Good question. Here's an update to the original post where the writer responds to emailers asking the same thing.
UPDATE III: I'm receiving email regarding the remarks Dodd made today on CNN in which he stated that, at the White House's insistence and over his objections, he agreed to include the pre-February, 2009 carve-out in the stimulus bill. Some of these emailers have suggested that Dodd's comments are at odds with what I wrote. They quite plainly are not.
The narrative I wrote here (and which Hamsher wrote in her post) both included exactly that sequence:
That was the exact provision that Geithner and Summers demanded and that Dodd opposed. And even after Dodd finally gave in to Treasury's demands, he continued to support an amendment from Ron Wyden and Olympia Snowe to impose fines on bailout-receiving companies which paid executive bonuses."
I explicitly wrote that it was Dodd who, after arguing vehemently against this provision, ultimately agreed to its inclusion. And the statement from Dodd's office that I quoted above included the same series of events ("Because of negotiations with the Treasury Department and the bill Conferees, several modifications were made, including adding the exemption"). That's exactly what Dodd said today on CNN.
The point was -- and is -- that Dodd was pressured to put that carve-out in at the insistence of Treasury officials (whose opposition meant that Dodd's two choices were the limited compensation restriction favored by Geithner/Summers or no compensation limits at all), and Dodd did so only after arguing in public against it. To blame Dodd for provisions that the White House demanded is dishonest in the extreme, and what Dodd said today on CNN about the White House's advocacy of this provision confirms, not contradicts, what I wrote.
Dodd acknowledged his role in the change after a Treasury Department official told CNN the administration pushed for the language.
Both Dodd and the official, who asked not to be named, said it was because administration officials were afraid the government would face numerous lawsuits without the new language. . . .
I agreed reluctantly," Dodd said. "I was changing the amendment because others were insistent."
It was the Treasury Department -- at least according to a Treasury official granted anonymity for the extremely compelling reason that he "asked not to be named" -- that pushed for the carve-out, and did so over Dodd's objections. That was the point from the beginning. That's precisely what made it so outrageous that the administration was trying to blame Dodd for a provision which Obama's own Treasury officials advocated, pushed for and engineered.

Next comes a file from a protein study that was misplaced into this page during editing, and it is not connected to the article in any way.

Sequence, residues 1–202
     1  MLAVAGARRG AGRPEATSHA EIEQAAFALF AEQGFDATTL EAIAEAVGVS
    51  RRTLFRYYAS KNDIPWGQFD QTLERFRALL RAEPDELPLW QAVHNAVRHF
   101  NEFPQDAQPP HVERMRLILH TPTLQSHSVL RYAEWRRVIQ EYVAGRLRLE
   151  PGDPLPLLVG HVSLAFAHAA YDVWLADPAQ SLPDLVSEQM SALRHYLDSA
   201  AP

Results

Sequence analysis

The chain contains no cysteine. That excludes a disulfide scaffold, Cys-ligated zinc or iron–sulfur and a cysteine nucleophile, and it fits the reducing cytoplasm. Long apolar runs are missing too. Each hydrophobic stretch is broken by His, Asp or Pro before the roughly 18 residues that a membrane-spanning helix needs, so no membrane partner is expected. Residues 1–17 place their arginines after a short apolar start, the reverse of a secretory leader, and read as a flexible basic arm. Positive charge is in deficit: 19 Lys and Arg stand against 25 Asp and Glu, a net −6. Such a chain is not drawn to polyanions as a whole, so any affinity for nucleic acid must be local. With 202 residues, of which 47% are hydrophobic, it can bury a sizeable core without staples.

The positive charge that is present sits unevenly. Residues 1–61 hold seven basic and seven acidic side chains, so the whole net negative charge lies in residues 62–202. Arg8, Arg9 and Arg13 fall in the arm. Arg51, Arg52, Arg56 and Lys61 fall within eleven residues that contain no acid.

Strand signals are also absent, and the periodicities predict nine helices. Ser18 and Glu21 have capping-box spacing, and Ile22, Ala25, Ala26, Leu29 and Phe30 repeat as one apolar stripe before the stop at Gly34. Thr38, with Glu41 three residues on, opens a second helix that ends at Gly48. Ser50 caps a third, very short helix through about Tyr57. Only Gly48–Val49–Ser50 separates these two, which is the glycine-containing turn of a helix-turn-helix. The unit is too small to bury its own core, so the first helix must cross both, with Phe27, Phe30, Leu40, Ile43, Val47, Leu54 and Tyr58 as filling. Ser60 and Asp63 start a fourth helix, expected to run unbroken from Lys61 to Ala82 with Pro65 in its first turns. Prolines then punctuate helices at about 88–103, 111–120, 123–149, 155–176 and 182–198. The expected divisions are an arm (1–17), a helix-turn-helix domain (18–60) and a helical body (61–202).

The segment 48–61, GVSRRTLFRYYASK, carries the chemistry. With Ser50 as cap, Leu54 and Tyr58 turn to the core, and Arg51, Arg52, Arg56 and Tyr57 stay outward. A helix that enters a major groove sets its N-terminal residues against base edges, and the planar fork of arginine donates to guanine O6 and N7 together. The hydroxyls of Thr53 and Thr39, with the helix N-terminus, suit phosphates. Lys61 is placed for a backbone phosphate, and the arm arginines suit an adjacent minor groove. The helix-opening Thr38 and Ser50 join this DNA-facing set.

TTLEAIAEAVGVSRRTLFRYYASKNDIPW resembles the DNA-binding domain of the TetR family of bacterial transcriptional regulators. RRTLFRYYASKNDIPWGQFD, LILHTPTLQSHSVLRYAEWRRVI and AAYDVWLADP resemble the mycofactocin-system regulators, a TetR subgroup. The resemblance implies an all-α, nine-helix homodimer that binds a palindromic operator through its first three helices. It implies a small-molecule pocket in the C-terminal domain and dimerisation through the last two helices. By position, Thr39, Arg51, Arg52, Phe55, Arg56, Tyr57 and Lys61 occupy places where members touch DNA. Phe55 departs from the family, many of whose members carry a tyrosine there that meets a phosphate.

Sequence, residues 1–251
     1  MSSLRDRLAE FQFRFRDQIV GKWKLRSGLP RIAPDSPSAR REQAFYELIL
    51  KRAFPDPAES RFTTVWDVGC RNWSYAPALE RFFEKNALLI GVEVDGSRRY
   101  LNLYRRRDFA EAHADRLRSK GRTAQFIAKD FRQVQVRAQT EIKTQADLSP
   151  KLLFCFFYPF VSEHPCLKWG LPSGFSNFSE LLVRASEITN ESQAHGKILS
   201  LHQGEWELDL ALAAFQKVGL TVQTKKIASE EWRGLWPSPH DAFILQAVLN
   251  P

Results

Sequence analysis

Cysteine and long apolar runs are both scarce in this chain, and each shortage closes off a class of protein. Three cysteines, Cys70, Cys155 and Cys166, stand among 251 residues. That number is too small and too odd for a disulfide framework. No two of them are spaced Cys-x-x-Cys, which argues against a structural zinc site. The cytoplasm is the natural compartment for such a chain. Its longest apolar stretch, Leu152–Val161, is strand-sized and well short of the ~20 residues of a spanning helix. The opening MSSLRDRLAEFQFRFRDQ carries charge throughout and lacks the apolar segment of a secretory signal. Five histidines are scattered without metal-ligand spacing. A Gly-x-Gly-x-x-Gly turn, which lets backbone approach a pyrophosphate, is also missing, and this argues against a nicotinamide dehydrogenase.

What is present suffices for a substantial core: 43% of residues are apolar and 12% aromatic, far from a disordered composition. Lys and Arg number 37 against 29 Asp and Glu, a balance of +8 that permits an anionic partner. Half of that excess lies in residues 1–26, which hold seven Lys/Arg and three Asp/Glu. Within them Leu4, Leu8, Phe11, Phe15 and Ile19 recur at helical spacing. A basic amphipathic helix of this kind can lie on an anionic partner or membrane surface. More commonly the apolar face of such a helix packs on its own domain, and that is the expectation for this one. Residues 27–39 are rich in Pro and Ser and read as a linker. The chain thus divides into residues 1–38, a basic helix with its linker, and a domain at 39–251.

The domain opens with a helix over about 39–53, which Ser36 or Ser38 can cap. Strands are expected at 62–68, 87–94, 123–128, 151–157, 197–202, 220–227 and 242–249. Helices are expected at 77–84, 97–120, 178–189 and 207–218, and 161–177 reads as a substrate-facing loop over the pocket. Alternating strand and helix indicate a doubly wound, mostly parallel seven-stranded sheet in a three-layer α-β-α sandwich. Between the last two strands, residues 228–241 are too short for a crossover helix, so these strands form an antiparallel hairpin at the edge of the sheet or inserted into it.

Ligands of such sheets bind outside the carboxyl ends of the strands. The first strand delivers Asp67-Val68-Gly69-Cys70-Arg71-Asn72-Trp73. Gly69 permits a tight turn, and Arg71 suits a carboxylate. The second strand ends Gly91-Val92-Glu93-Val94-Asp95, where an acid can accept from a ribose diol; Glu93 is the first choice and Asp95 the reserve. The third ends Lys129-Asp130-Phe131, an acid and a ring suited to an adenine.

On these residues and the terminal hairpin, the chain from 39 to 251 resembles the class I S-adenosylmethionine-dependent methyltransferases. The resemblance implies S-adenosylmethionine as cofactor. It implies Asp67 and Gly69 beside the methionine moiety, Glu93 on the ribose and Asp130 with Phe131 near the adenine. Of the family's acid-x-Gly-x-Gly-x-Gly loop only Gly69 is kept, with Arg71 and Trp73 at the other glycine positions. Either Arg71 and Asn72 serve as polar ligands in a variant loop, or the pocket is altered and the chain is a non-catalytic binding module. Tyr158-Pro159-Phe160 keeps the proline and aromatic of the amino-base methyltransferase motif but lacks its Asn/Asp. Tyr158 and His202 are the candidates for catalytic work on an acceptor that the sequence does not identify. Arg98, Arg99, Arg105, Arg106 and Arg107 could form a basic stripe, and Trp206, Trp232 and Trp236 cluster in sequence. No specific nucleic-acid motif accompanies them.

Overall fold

Anyone who doubts Dodd's opposition should just go read the above-excerpted articles which reported contemporaneously about the dispute Dodd was having with the White House over the scope of the compensation limits. For obvious reasons, those real-time accounts are far more instructive about what really happened than what the parties are saying now that everyone is trying desperately to avoid blame for the politically toxic AIG bonus payments.
The author is the one who's spinning as much as the other parties. What he is trying to do is shift blame to Treasury because that's what they WANTED.
If voters WANTED Senator X to vote Pro-Choice, would we be saying "It's not HIS fault, he just agreed to vote that way"? No.
The issue is whether or not Dodd agreed to include this in the bill. He did. He may have been just like every senator, who doesn't agree 100% with everything in every bill. But we hold these senators accountable based on their voting records on bills.
Dodd ultimately agreed to put this in. Period. The writer is attempting to save Dodd's bacon or, more likely, come up with an original angle on the story. I applaud the research that shows Treasury is ALSO a part of this, but it doesn't absolve Dodd one bit.
Thanks for posting the article and the follow-ups, this is good stuff to know even though I ultimately disagree with the writer's interpretation.